Missoula’s buried past

A Missoula Redevelopment Agency (MRA) study currently in progress has unearthed some new (and old) infrastructural oddities downtown, some of which are just plain confusing.

The area bounded by the Clark Fork River to the south and Broadway to the north, Higgins Avenue on the west side and Madison Street to the east, and including the Wilma Theatre, is what the study calls Urban Renewal District V. MRA’s study seeks to identify blighted areas for purposes of tax allocation.

Steam tunnels lined with asbestos and antique wooden water mains that may or may not be attached to buildings (old water-line maps of the area are incomplete) are buried under URDV, but the MRA already knew that.

New to the plethora of downtown’s underground mysteries is a set of concrete bunkers under Bank Street that were described at Tuesday’s MRA meeting as “honeycomb-shaped.” The bunkers’ purpose had all in attendance bewildered.

The structures were discovered when First Interstate Bank explored the idea of erecting a new building at its current location at 101 E. Front St.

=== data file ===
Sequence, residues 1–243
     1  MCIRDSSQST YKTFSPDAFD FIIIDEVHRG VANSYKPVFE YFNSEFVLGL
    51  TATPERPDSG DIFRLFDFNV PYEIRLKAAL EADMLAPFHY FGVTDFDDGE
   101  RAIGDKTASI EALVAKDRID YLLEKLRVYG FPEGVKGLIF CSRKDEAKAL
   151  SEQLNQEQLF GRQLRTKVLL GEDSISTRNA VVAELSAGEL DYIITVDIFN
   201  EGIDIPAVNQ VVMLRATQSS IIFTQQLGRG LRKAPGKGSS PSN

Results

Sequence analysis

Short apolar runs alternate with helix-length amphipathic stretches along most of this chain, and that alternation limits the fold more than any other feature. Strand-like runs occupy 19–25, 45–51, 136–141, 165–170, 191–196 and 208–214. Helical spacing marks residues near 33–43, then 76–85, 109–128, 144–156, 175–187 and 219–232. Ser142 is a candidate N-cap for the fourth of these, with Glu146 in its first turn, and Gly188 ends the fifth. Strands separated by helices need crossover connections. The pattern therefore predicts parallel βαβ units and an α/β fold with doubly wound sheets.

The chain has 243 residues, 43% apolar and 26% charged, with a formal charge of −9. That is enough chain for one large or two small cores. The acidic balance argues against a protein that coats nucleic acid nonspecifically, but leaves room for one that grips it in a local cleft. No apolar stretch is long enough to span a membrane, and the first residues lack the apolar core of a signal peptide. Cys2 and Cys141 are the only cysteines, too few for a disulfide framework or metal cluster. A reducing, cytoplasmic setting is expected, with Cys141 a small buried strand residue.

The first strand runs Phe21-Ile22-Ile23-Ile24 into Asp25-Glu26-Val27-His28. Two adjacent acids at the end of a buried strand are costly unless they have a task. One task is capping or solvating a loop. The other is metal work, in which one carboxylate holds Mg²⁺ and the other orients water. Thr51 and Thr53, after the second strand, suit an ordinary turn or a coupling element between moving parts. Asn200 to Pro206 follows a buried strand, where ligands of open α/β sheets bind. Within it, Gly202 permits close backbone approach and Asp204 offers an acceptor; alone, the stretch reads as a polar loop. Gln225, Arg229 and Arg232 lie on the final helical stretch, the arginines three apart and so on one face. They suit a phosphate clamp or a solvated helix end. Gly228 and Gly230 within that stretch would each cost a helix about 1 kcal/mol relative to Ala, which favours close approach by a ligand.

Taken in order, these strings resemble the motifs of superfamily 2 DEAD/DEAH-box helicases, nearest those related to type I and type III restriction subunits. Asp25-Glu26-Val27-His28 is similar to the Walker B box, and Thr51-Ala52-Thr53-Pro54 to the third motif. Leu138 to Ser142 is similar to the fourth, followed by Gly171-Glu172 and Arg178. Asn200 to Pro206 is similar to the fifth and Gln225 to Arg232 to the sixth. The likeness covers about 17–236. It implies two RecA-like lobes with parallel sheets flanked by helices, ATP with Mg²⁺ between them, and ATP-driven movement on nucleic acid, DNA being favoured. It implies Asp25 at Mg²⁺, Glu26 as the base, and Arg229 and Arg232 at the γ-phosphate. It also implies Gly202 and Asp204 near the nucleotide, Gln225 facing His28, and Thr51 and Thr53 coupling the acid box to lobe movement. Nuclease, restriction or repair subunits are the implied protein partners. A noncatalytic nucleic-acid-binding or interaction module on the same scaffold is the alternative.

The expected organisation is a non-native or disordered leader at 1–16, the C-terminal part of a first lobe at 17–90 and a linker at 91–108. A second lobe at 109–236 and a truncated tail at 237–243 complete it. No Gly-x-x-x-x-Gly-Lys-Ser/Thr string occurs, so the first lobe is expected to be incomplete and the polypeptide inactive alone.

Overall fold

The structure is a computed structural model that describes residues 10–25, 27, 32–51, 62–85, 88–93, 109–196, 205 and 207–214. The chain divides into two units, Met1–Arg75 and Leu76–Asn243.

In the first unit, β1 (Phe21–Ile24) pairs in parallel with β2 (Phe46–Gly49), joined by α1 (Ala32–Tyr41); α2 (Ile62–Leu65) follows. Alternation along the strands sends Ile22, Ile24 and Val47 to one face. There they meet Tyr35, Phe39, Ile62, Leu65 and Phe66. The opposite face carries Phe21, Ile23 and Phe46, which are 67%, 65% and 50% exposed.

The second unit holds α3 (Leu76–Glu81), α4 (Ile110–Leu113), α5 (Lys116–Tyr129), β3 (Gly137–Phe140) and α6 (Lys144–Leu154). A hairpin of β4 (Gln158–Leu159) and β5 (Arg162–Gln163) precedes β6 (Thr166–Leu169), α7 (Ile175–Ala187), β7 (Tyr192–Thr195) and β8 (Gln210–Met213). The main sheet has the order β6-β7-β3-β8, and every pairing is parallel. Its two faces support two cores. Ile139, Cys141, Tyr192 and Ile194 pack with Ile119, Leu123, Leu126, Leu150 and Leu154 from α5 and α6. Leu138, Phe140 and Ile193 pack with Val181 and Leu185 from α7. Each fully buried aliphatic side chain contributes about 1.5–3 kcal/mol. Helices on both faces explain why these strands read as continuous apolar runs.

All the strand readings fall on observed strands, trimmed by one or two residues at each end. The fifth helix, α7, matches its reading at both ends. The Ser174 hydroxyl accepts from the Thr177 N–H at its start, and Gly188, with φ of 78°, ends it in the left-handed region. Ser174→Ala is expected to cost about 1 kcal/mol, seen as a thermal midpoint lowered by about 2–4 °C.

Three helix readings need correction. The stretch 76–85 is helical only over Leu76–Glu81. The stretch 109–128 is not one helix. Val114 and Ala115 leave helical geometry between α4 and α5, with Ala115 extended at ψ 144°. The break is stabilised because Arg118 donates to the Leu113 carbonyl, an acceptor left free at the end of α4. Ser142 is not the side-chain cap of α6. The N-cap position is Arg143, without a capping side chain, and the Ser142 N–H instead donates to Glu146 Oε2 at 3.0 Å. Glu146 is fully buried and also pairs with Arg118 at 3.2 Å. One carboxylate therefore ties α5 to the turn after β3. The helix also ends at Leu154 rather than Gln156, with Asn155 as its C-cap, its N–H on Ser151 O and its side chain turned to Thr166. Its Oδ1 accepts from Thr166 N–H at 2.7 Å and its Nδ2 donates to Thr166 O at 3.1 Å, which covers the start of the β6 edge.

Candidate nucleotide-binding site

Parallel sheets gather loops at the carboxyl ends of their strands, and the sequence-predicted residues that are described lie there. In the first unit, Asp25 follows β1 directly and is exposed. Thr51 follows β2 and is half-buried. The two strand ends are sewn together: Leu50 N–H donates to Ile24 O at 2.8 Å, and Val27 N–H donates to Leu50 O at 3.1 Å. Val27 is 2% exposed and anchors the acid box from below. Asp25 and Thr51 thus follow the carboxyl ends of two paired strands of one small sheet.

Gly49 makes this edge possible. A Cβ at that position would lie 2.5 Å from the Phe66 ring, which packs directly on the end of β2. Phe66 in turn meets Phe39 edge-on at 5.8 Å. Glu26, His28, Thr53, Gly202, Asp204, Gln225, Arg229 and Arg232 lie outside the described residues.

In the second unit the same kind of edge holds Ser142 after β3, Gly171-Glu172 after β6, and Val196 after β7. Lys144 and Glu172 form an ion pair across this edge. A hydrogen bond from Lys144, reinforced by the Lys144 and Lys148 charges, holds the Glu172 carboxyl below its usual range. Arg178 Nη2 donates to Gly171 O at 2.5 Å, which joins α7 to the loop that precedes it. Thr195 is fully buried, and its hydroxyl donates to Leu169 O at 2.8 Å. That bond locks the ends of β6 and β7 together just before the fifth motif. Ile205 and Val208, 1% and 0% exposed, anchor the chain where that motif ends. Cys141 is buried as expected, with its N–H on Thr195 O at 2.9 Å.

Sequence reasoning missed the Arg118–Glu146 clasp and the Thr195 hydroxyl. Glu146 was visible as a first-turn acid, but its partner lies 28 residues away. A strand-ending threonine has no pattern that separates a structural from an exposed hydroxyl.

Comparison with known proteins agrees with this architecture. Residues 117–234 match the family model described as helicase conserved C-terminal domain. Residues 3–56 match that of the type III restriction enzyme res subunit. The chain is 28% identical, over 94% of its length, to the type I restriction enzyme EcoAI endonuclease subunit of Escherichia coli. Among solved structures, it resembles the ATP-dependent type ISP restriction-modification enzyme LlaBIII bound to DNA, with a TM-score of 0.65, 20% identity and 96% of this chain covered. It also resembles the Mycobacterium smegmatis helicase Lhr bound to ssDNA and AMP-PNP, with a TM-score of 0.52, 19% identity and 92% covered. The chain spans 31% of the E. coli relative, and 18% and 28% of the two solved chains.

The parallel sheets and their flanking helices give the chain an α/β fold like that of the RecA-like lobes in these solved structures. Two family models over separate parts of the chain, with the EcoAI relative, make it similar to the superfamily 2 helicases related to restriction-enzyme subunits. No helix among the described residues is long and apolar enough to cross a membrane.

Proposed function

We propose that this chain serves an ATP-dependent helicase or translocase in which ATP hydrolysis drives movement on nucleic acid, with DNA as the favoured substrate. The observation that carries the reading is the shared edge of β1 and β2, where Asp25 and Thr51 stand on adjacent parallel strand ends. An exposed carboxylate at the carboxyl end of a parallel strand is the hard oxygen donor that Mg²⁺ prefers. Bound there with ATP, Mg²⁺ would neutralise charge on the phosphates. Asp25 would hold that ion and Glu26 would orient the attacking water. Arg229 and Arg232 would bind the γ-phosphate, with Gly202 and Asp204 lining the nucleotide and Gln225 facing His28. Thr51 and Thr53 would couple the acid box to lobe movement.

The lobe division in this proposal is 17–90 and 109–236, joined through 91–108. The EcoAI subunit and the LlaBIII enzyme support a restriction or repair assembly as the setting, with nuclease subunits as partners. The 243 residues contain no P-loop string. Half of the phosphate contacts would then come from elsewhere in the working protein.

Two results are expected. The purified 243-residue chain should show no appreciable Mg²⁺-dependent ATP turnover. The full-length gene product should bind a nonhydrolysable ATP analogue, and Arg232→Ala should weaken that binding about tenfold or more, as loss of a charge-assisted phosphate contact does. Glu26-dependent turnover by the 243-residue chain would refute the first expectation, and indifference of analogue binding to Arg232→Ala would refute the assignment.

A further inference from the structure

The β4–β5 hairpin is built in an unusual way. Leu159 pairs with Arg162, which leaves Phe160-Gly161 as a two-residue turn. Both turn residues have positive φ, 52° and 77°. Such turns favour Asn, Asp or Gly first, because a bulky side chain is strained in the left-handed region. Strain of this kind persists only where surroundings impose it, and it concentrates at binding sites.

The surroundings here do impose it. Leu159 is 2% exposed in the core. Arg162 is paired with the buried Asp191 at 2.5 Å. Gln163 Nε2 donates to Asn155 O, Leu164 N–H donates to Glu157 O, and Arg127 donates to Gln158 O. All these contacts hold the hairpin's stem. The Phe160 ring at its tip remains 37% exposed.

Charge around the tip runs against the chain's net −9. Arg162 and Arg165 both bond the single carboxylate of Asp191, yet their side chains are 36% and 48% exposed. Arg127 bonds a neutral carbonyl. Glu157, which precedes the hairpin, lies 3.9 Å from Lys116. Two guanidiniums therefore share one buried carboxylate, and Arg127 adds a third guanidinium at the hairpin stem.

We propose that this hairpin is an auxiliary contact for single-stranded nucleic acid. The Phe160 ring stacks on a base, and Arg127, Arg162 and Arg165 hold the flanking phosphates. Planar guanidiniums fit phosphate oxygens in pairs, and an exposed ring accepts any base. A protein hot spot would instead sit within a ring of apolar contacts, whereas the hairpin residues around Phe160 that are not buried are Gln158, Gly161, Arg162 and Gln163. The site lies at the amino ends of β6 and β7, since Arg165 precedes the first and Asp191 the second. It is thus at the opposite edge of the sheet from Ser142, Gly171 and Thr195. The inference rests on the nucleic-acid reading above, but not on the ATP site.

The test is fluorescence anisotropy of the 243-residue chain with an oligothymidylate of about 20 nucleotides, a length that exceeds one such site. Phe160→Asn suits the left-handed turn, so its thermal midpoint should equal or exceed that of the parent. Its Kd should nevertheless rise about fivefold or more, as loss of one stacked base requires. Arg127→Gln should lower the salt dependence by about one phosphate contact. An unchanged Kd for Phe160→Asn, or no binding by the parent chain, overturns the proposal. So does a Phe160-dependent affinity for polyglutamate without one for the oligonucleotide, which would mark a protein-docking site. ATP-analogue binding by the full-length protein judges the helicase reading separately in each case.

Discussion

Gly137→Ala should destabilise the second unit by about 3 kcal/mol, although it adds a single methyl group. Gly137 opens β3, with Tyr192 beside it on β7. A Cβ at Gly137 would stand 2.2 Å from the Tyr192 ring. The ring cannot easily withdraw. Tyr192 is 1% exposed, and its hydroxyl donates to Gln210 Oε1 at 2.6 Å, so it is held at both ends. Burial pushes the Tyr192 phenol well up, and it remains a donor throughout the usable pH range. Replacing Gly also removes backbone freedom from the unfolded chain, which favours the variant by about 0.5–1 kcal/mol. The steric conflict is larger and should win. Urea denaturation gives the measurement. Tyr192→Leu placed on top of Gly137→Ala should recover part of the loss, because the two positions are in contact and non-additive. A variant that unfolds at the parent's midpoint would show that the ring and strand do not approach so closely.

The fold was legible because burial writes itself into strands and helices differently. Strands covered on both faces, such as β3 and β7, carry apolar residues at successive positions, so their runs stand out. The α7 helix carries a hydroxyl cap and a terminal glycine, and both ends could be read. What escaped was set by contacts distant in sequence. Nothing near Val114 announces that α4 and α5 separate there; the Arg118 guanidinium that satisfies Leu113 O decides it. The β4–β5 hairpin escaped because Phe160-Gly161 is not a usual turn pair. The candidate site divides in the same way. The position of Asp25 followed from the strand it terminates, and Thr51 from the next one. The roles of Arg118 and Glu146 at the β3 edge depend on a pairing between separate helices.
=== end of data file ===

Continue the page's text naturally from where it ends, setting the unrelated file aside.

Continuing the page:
Theories expressed at the meeting suggested they may have once been part of the steam tunnel system that heated downtown buildings, or maybe vaults once used by stock brokerage Piper Jaffray when the company occupied a building nearby. No one was sure.

“We are in the oldest part of downtown,” First Interstate President Mike Hickey said Monday.

The steam tunnels and wooden mains first came to the attention of the MRA board in 2000 when the basement of the Hammond Building, adjacent to the Wilma, flooded.

The study will be discussed again at the Aug. 7 MRA board meeting. If approved it will move on to City Council, and when finalized will form the basis for an urban development plan for the area.

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